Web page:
While you could opt to use a traditional currency exchange provider such as MoneyGram or Western Union to get the job done, our analyses have shown that these companies are often (but not always) notably more expensive than newer fintech companies that also offer cash pickup services, such as WorldRemit, Remitly, and Xoom.

To find the best provider to suit your needs when sending money abroad for cash pickup, be sure to search out our comparison engine before you transfer, and select the "Transfer to a cash pickup location" tab on the results page.

What We Like About Cash Pickups

  • Typically no fees for the receiver;
  • A widely accessible option used across the world;
  • Money can be tracked and traced;
  • Safe and secure, with a valid photo ID and a reference number needed in order to pick up cash.

What We Dislike About Cash Pickups

  • Typically more expensive for the sender than online transfers;
  • Can be inaccessible, especially amid Covid-19 related restrictions or in very remote and rural locations.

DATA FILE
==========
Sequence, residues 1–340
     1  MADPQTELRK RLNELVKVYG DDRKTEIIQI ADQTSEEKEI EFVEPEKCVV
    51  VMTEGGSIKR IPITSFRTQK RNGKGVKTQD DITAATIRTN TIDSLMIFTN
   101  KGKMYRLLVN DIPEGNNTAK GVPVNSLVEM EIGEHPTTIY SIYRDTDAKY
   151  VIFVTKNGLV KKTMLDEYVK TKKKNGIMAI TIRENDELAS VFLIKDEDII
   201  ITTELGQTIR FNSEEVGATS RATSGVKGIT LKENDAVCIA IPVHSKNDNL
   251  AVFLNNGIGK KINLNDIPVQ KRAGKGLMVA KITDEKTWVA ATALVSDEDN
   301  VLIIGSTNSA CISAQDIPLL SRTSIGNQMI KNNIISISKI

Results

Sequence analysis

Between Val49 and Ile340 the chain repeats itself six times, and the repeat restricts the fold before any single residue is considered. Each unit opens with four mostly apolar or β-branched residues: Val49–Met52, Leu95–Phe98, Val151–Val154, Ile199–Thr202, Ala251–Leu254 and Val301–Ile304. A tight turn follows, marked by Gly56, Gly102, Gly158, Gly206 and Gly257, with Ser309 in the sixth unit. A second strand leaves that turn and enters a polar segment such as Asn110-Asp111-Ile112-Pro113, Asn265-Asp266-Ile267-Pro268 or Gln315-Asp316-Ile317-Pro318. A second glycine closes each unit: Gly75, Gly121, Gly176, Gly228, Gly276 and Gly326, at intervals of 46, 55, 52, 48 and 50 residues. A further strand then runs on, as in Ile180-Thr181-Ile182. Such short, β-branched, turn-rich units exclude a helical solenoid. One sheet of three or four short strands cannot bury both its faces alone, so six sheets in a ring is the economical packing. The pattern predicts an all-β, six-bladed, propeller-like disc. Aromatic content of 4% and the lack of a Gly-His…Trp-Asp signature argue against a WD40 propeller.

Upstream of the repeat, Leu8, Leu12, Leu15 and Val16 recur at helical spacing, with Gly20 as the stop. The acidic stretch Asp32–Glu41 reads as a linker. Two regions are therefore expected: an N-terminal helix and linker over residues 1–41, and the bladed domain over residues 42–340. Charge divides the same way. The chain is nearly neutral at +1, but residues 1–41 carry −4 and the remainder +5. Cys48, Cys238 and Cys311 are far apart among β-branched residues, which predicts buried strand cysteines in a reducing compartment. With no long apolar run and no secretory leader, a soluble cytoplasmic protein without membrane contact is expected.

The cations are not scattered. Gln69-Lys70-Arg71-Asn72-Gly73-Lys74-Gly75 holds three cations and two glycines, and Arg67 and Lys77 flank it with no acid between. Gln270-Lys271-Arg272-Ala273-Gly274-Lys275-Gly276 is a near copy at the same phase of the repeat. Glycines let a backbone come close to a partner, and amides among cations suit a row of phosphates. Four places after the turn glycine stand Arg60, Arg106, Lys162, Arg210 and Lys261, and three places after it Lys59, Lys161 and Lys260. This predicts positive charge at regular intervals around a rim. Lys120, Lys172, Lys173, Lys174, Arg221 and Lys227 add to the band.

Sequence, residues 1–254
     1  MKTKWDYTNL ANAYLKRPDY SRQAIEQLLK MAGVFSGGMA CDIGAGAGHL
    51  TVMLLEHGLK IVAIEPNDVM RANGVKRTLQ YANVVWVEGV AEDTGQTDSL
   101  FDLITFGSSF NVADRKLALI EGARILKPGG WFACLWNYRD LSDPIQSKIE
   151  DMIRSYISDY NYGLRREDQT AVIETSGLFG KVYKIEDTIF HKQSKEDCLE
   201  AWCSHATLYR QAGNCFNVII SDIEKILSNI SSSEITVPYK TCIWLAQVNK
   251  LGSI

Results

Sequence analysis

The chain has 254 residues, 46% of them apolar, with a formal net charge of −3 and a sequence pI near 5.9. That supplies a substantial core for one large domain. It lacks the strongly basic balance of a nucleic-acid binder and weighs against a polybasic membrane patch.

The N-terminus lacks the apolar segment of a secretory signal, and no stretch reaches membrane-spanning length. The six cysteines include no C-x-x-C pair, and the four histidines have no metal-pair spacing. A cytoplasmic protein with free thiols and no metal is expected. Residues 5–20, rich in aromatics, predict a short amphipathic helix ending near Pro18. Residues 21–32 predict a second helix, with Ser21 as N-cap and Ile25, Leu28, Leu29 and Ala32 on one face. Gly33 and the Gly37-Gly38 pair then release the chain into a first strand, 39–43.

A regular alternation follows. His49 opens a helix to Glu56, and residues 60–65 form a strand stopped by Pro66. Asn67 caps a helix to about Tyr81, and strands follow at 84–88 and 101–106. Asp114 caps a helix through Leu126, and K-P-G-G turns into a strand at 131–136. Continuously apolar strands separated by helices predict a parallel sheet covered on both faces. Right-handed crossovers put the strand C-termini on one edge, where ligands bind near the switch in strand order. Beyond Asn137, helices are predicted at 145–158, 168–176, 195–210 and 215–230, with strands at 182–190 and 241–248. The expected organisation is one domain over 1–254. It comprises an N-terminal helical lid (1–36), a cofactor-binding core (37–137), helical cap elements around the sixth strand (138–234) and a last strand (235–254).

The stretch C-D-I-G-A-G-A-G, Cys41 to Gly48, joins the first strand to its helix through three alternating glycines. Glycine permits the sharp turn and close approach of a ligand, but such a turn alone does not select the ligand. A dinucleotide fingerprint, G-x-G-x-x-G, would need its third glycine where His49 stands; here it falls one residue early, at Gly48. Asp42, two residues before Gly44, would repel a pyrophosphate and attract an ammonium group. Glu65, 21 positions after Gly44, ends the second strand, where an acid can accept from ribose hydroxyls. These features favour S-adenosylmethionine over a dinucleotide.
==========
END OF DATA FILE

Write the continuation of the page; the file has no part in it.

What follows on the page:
Option 2: Use a Money Order

Another popular and secure option you have for sending money to someone without a bank account might be to send them a money order.

Money orders — prepaid printed certificates received in the mail that can be swapped for cash at a physical location — are used primarily in countries such as the US, Canada, India, and Australia, where they've proven a durable and well-established transfer method for decades. However, their use has declined over the last 20 years, with the number of money orders sent to Mexico, for example, plummeting drastically since 2009.

In the US, money order certificates can be bought easily at a wide number of physical locations which are authorized by either the US Postal Service (USPS), MoneyGram, or Western Union.